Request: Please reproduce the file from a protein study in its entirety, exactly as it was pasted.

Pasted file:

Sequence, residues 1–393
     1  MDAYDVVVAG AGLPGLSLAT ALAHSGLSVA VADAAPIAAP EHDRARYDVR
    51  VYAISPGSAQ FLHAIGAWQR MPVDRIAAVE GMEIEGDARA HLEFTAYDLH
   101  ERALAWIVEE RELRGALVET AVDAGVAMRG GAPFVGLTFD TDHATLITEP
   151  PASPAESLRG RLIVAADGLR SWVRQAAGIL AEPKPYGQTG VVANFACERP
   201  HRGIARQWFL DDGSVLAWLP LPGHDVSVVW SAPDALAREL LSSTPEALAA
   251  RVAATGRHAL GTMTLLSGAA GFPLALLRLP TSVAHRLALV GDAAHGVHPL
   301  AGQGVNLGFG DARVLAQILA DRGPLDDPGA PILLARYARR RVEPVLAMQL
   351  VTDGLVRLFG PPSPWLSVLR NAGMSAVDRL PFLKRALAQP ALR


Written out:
Sequence, residues 1–393
     1  MDAYDVVVAG AGLPGLSLAT ALAHSGLSVA VADAAPIAAP EHDRARYDVR
    51  VYAISPGSAQ FLHAIGAWQR MPVDRIAAVE GMEIEGDARA HLEFTAYDLH
   101  ERALAWIVEE RELRGALVET AVDAGVAMRG GAPFVGLTFD TDHATLITEP
   151  PASPAESLRG RLIVAADGLR SWVRQAAGIL AEPKPYGQTG VVANFACERP
   201  HRGIARQWFL DDGSVLAWLP LPGHDVSVVW SAPDALAREL LSSTPEALAA
   251  RVAATGRHAL GTMTLLSGAA GFPLALLRLP TSVAHRLALV GDAAHGVHPL
   301  AGQGVNLGFG DARVLAQILA DRGPLDDPGA PILLARYARR RVEPVLAMQL
   351  VTDGLVRLFG PPSPWLSVLR NAGMSAVDRL PFLKRALAQP ALR